Something called a “Mission Critical” toolkit has been disseminated amongst British intelligence agencies MI5, MI6 and the Government Communications Headquarters (GCHQ), according to the Daily Mail. The Daily Mail published the leaked documents that show the intelligence agencies are promoting inclusive language, attempting to do away with verbiage that could "reinforce dominant cultural patterns," and urging Britain’s spies to declare their preferred pronouns and add them to their email signatures.
This new guidance was allegedly approved by Sir Stephen Lovegrove, the U.K.'s national security adviser. But wait, isn’t the title “Sir” a vestige of bygone days? Is it not binary in nature, as well as being classist? Does it not itself “reinforce dominant cultural patterns?”
The toolkit, shared internally in early December, purportedly states: "Sharing your pronouns, if you are comfortable doing this, helps to create an environment in which this is normal.” It notes, "In national security, look out for words and phrases, such as 'strong' or 'grip,' that reinforce the dominant cultural patterns." (Really? Well, not to worry then, the dominant cultural patterns won’t be dominant for long.)
Documents in the toolkit also allegedly state, "Avoid jargon, hierarchy or gender biases," and strongly caution against use of the term "manpower." Sir Lovegrove would disapprove.
"Use gender-neutral language to reflect people's diversity and reduce stereotypes and assumptions, for example about job roles and functions which need not be gender-defined.”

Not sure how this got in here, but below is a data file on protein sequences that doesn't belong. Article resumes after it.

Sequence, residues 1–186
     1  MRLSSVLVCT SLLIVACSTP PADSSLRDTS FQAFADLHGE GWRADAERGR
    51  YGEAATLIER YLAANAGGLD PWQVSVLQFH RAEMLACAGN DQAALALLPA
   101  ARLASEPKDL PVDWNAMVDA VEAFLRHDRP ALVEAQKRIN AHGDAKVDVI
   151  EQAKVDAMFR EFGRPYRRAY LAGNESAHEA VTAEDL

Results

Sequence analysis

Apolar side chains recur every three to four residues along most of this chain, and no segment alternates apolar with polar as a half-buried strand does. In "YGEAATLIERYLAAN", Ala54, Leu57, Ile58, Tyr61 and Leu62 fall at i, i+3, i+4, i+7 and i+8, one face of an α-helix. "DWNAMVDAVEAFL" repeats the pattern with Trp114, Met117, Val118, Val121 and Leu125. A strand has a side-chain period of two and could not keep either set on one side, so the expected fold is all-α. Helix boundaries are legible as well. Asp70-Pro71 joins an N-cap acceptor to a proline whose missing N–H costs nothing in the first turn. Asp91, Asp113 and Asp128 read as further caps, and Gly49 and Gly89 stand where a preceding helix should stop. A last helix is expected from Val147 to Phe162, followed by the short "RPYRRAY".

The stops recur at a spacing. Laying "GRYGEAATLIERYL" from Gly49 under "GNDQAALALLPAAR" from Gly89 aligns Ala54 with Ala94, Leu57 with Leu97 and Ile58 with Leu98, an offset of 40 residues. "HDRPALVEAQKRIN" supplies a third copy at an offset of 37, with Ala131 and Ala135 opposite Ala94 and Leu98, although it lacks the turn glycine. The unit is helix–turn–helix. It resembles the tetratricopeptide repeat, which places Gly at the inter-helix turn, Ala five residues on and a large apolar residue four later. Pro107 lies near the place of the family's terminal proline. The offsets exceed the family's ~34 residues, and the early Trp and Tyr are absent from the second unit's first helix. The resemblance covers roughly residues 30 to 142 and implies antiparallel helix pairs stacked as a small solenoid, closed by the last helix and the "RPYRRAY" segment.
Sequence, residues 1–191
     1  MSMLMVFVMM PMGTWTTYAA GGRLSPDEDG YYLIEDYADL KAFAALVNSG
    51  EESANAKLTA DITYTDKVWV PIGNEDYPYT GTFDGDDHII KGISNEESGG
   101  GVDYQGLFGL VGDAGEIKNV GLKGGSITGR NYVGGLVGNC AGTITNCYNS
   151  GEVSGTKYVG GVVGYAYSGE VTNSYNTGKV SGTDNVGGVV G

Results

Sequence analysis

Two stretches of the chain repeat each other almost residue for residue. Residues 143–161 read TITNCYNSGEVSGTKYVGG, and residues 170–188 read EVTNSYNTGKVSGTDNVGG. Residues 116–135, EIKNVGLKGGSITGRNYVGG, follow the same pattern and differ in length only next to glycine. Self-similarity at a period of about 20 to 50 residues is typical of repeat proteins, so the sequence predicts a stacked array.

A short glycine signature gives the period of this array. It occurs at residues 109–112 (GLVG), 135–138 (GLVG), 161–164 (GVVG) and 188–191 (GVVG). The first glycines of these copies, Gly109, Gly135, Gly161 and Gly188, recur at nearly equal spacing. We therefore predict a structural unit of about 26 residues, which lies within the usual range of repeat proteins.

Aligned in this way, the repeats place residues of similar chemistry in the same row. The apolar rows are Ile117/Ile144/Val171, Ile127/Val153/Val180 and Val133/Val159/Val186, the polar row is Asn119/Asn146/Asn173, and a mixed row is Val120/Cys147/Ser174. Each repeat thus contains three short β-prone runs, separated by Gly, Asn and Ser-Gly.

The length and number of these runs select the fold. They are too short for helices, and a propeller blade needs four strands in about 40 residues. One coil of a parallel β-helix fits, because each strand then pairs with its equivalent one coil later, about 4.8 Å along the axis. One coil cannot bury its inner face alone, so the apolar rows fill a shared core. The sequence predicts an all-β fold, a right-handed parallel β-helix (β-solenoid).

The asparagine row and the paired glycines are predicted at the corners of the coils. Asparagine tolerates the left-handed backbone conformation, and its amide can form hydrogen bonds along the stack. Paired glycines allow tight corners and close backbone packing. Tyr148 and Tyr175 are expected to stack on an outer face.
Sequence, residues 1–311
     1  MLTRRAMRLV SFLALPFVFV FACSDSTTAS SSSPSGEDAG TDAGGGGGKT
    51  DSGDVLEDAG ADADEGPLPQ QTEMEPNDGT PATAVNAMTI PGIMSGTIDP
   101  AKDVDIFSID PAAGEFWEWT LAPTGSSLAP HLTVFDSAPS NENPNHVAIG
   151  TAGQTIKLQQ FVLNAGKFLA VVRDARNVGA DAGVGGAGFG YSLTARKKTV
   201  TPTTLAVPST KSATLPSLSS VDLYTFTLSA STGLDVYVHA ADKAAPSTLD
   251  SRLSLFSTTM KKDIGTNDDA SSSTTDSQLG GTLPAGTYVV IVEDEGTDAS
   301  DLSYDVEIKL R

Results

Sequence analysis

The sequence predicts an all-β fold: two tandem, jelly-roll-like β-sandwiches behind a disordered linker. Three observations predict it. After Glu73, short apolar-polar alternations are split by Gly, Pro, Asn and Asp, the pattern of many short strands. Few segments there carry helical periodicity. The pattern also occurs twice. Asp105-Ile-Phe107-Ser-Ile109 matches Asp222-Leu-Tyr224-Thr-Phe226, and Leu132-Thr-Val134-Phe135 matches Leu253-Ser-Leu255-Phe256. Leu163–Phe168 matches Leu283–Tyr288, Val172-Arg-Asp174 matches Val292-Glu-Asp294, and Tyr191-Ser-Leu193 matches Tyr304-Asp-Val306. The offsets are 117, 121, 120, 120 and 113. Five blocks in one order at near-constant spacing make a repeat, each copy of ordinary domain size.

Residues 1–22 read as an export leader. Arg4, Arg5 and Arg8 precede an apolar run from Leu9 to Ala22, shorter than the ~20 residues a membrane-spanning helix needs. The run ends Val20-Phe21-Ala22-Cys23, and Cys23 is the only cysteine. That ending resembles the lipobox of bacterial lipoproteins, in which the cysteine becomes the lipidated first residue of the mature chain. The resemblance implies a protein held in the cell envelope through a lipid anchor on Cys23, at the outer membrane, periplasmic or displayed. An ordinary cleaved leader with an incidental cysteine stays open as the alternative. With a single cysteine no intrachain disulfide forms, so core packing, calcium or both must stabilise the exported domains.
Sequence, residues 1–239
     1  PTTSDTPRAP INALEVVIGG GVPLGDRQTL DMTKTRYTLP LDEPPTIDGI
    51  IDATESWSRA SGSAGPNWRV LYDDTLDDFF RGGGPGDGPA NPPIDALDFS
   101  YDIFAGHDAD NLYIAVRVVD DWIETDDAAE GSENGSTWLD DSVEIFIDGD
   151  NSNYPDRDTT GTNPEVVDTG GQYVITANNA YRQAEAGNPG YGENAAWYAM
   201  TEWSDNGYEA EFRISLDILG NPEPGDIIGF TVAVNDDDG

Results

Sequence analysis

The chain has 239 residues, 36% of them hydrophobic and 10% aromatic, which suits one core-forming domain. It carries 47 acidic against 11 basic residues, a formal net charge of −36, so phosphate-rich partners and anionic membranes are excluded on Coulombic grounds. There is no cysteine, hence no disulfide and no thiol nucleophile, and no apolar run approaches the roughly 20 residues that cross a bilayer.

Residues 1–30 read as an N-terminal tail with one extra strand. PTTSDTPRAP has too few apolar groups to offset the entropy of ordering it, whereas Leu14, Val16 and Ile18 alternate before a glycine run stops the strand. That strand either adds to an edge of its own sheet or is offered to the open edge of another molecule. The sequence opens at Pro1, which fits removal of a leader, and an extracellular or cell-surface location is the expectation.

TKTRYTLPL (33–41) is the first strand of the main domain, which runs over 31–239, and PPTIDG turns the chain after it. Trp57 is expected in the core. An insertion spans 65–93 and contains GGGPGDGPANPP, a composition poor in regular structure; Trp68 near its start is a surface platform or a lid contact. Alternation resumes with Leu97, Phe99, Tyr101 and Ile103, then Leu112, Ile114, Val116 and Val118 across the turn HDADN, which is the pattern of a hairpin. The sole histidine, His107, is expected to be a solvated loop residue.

The toolkit tells staff that they should “understand your unconscious bias,” “be aware of intersectionality,” “acknowledge your privilege,” and “consider refusing to speak on all-male panels.” In that kind of climate, I think I would refuse to speak at all.
The nanny state “toolkit” also encourages intelligence officers to read a list of books focusing on diversity, inclusion and equity, including those by critical race theory advocate Kimberlé Crenshaw.
Richard Moore, chief of Britain’s Secret Intelligence Service (SIS), declared: "We’re proud of our trans and non-binary colleagues and committed to providing an inclusive workplace where you can be your true self. Diversity makes us more effective, inclusion makes us stronger." Apparently, you can be your “true self” only if you fully agree with the trans and non-binary agenda, and inclusion of anyone else would not make British intelligence services more effective or stronger.
MI6 proudly flew the transgender flag over its headquarters last April, to mark the Transgender Day of Visibility. Historically, a nation’s spies and intelligence agencies liked to keep a low profile for numerous—and obvious-- reasons. Secrecy was the key to success, not visibility. Of course, back in those silly old days, Western leaders typically thought that protecting one’s nation was more important than catering to a specific special interest group—or making sure their virtue-signaling “tolerance” was as visible as a transgender flag flying high above Vauxhall, London’s MI6 headquarters.
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